Research Associates actually contacted the outside world. Because of the number of students involved, it was specified that each group would have only one person designated to make contact with adult professionals via telephone. Because there were five groups of six students each across six classes, that meant that a full one-fifth of students had direct contact with an adult professional. They had to document their personal conversations, working closely with the Planner, and with all other group members to document any research inquiries from specialists and others. They documented each step of that process and incorporated any feedback into the final research report. They were flexible and able to multitask. They possessed strong organizational skills which were essential for the many sub-tasks involved. This person doubled as presenter based on being able to transmit the intimacy of personal conversations with the outside world. The presentation, being roughly six months from project inception, necessitated incorporating elements of the entire research effort as well as key findings. That process alone fostered deep reflection and insightful analysis of the entirety of the project giving ample opportunity to resolve elements of the final products before publication, data transmission to our web site, and display.
Each team integrated with the artifact’s contents uniquely, and each individual played a key role in the analysis of the contents by virtue of the highly specialized nature of their work and the group’s small size. There was high interest in finding a document that would shed more light on the story of the bag’s owner, and a strong desire to work efficiently to pull as many documents as possible. Before a new document could be pulled, however, several very important steps would have to take place: labeling and documenting the artifact, placing a short description together with the document in a special binder to preserve it, scanning the document into a digitized library record of the collection for later uploading to a web site, archiving photo documentation of the entire effort, preparing written summaries of each group’s findings, process variables, and obstacles.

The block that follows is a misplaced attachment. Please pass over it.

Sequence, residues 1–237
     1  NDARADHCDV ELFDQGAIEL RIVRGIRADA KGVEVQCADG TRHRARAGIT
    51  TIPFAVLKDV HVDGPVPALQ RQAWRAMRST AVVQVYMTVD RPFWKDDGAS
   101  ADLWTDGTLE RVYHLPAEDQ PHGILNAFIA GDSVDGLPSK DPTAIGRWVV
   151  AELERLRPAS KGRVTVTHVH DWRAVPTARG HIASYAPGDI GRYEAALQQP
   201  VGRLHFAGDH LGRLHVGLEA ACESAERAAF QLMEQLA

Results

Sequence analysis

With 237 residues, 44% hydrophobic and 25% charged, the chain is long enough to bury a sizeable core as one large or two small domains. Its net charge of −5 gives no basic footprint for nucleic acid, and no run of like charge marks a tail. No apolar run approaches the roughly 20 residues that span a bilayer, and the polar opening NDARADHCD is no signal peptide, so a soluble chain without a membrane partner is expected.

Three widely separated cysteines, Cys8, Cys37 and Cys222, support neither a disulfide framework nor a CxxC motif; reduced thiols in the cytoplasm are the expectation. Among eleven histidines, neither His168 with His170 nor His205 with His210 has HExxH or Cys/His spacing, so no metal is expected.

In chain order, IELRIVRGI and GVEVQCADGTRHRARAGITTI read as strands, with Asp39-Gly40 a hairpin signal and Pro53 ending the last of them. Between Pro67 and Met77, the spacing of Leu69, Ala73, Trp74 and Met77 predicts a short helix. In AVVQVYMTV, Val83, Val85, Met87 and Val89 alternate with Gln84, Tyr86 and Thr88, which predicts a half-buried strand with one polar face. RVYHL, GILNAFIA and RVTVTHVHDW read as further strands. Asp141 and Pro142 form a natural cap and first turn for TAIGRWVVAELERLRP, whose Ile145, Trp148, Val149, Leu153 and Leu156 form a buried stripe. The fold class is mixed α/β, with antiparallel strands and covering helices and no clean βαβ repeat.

Each student participating in the project made a contribution within the enrichment or research cluster. Once he or she mastered the skills of scientific inquiry, research paths could be developed that would prove more fruitful rather than frustrating. As documents would delicately be pulled from this bag one by one, students quickly learned there were real-world consequences to each action being undertaken by researchers. Students had to become experts in assessing the probability of success in investigating one content area versus another in addition to investigating historical significance of each artifact they were responsible for documenting. Unique data points and investigations were revealed solely based on in the individual interpretations and decisions made by students.